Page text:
Readers, I’m going to let you in on a dark secret about videogame news that you’ve probably already guessed: yes, we spend a fair bit of time browsing Reddit for stories of interest. Over the past few weeks, we’ve noticed something that keeps coming up with surprising regularity. Everyone has a story to share about how their college professor put a gaming question on an exam.
Take this League of Legends question, originally noted on Twitter by ClianeWasTaken before getting translated by xpepi on Reddit. “In the popular computer game League of Legends (LoL), the siren champion Nami has the ultimate ability of creating a tsunami. She does so after shaking fiercely her staff of length L, generating a perturbation in the waters around her.” The problem asks students to find out whether Usain Bolt is fast enough to escape from the wave.
That brought out a similar story on the Overwatch subreddit from noidwasavailable, about a test regarding Zarya’s bubble a few months after the game’s release in 2016. This one wants you to calculate the energy in the particle cannon’s electromagnetic field, and the magnetic force it generates.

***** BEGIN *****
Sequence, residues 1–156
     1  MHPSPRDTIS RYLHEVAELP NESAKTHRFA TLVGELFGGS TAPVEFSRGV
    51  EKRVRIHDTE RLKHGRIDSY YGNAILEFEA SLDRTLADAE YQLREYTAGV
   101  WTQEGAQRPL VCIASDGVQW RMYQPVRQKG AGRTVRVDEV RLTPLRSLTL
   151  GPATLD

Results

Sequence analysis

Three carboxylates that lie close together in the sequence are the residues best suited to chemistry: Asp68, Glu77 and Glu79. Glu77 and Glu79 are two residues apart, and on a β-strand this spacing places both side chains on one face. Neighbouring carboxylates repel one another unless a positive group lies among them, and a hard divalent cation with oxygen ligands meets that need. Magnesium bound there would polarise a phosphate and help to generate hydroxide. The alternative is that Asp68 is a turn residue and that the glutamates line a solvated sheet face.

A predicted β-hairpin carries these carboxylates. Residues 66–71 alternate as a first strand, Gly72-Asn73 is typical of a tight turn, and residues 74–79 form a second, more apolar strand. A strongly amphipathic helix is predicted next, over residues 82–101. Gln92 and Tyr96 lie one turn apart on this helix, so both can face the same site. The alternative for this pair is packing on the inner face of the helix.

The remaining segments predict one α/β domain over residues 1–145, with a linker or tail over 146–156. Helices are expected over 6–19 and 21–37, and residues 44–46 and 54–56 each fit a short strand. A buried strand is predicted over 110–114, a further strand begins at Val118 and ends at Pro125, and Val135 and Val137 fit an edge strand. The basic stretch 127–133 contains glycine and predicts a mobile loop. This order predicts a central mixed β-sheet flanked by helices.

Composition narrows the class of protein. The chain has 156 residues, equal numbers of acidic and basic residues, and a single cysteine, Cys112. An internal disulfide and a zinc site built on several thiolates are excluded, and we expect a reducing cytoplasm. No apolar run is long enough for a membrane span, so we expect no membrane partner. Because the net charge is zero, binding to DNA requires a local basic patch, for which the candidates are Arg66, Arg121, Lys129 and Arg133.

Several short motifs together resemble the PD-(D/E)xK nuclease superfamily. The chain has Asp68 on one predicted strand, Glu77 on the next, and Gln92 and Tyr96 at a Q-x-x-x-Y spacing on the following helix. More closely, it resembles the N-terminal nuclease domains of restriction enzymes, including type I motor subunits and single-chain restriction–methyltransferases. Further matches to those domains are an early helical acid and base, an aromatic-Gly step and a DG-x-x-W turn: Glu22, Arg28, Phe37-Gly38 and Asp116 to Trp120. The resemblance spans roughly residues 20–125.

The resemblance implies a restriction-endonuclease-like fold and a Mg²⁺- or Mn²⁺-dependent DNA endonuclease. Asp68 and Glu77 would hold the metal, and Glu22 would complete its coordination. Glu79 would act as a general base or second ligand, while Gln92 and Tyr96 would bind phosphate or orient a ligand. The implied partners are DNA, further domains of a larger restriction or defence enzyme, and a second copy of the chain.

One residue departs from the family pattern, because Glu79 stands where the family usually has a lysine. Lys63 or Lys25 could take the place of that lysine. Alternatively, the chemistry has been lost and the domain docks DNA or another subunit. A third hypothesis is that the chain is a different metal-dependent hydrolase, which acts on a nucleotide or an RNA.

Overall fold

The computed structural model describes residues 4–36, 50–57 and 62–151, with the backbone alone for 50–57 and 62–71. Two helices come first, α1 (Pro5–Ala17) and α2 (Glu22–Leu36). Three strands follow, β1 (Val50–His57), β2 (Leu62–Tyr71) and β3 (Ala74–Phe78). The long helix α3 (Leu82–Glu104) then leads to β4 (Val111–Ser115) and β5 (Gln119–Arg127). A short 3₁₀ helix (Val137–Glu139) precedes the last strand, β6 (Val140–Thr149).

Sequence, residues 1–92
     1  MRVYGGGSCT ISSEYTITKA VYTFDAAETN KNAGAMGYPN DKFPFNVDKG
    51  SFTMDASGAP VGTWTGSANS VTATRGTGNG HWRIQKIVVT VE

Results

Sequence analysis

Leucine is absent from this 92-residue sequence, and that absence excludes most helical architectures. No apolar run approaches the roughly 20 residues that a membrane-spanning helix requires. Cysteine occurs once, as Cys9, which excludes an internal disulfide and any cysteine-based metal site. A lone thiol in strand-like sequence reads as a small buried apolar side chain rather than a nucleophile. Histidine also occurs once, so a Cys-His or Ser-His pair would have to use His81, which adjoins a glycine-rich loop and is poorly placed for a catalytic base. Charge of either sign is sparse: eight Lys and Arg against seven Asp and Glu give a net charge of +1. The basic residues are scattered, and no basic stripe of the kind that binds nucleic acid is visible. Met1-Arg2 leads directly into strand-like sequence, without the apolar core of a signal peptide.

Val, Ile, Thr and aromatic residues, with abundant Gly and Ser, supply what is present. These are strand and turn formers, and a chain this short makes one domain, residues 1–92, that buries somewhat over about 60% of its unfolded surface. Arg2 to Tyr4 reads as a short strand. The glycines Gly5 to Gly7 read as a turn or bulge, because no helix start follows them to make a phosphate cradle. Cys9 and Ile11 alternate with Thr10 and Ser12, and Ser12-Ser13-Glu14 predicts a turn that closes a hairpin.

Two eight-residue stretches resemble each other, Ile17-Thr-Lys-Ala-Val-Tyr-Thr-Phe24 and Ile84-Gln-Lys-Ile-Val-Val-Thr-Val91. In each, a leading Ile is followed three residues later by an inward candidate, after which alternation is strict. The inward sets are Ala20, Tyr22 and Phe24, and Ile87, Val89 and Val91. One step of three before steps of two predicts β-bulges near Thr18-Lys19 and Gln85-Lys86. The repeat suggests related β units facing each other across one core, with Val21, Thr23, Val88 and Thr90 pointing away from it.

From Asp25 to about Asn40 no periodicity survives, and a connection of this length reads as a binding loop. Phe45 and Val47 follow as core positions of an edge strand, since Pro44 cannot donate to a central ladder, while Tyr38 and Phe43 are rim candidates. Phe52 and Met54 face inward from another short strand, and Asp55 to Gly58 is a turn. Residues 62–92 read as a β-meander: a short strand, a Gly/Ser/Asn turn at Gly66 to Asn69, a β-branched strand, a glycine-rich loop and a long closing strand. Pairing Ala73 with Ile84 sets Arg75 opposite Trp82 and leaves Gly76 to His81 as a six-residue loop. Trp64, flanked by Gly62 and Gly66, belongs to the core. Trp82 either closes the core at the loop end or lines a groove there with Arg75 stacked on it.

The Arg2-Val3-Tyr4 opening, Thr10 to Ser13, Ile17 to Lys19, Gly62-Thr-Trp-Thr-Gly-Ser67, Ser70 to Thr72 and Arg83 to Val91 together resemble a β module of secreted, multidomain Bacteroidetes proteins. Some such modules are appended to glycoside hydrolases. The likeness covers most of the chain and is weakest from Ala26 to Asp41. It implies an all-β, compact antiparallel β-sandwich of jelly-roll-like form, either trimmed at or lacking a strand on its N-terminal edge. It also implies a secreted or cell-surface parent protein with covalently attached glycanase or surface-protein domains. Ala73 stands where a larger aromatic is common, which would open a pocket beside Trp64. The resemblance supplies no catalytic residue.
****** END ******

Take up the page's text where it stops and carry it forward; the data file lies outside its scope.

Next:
Then there’s a PUBG question noted on Reddit by gaminginasia. “During a game of PUBG, you were able to find your enemy diving under the bridge south of Pochinki leading to Sosnovka military base. Which weapon will be faster to kill him with total pressure of 105 bars? AKM or M16A4?”
It probably shouldn’t be too surprising to see that professors are gamers too, and PUBG, League, and Overwatch all qualify among the world’s most popular titles.
Physics lessons: Learn ballistics in the best FPS games on PC
If you’re a student, you probably shouldn’t be surprised if you run across a similar question in the future and find yourself listed in a jokey geek interest story on the internet.